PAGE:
So the first two things that stand out to me are the downward and inward (to a RHH) expansion of the strike zone. Keuchel is left-handed, and doesn’t throw hard, so as a young pitcher he was likely not confident in his ability to throw in on the hands of righties. However, as he’s gotten more comfortable and become a better pitcher, he seems to have become more confident throwing in. He also has an asset that works especially well in that area:
This is a look at the sliders Keuchel has thrown in 2014 and 2015, and explains why there’s more pitches in the righties – he uses the pitch almost exclusively in the third quadrant of the strike zone. In addition to the inside pitches, we can see that he’s thrown more pitches low and even out of the strike zone in the past two years, which is likely a product of throwing more sinkers. In fact, Keuchel has thrown fewer than 40% of his pitches in the actual strike zone since 2014, thanks to his great “chase ” pitches – the sinker, slider, and changeup. Which brings me to my last topic – improved secondary pitches.
As I mentioned before, Keuchel used to feature a curveball instead of a slider, which wasn’t very good. Getting rid of the curveball and picking up the slider was the first step to making Keuchel a guy with plus secondary stuff, but it wasn’t a quick fix. According to FanGraphs’ pitch values, Keuchel’s slider was actually a very average pitch in 2013 and 2014, accruing values of -0.7 and -0.3, respectively (0 is average, the number represents runs above average for the pitch). His changeup was even worse, racking up values of -3.0 and -4.2 in 2012 and 2013. However, in 2014, his changeup improved to +2.5, and in 2015 the slider followed suit, valued at 18.0 runs above average, and his changeup again improved to +7.1. How he made those improvements is important, and I think I’ve got an idea how he did it. His changeup averaged 77.2 MPH from ’12-’13, which isn’t bad for a guy who throws 89 MPH fastballs. However, the last two years it has been more than two and a half MPH harder, at 79.8. This may seem counterintuitive – a changeup is supposed to be slow. However, by closing the gap between the velocity of his fastball and his changeup (his fastball velocity has been pretty constant over his career) may have made it more deceptive. With the slider, Keuchel went a bit different route – instead improving by changing the shape of the pitch, not the velocity. Keuchel’s slider velo actually dipped a bit from 80.8 to 80.3, but it began to move differently. From 2013 to 2014, the slider had an average of -0.46 inches of vertical movement and -4.60 inches of horizontal movement, according to PITCHf/x and Brooks Baseball (if you’re not familiar with how PITCHf/x movement measurements work, take a look here, because it’s a bit complicated). In 2015, those numbers have been -2.14 and -5.78, respectively. This means that Keuchel’s slider has increased both its depth and run since he began throwing it. He also changed where he throws the pitch most:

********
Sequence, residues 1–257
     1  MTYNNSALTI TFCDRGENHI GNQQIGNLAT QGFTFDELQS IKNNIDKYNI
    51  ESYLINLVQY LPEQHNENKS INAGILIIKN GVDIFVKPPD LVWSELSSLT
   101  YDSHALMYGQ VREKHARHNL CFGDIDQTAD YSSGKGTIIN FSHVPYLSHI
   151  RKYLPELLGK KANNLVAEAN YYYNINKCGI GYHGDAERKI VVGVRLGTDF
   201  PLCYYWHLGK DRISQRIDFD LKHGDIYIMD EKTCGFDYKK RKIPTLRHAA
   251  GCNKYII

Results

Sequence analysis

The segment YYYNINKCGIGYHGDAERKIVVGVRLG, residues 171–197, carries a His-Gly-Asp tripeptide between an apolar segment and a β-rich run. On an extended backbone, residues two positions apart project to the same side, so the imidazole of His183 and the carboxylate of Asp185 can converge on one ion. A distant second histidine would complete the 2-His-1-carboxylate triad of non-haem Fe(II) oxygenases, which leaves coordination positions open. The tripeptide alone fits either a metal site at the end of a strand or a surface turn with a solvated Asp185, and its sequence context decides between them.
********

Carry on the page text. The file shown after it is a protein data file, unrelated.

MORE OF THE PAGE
Keuchel harnessed the extra movement on his slider by using it more often out of the zone, which we have already identified as one of Keuchel’s strengths – getting hitters to chase. To sum up what these changes have done for Keuchel, here’s a look at the effectiveness of each of the two secondary pitches before and after their respective improvement:
So, we’ve identified what Keuchel has done to make himself the Cy Young Award winner he was in 2015 – but does it change how we answered the original question? Personally, I think that some regression toward the mean is inevitable, but discovering all these definitive improvements that are very easy to identify and link to improved success bodes well for Keuchel. Clearly, he knows how to make adjustments and is good at identifying what needs to be adjusted. As I said before, I’m not convinced he’s a perennial Cy Young candidate, but I wouldn’t be surprised to see him get into the discussion a couple more times and make a lot of All-Star games. With the way the Astros are trending now, I think their management is very happy to have this man at the front of their rotation for at least the next three years.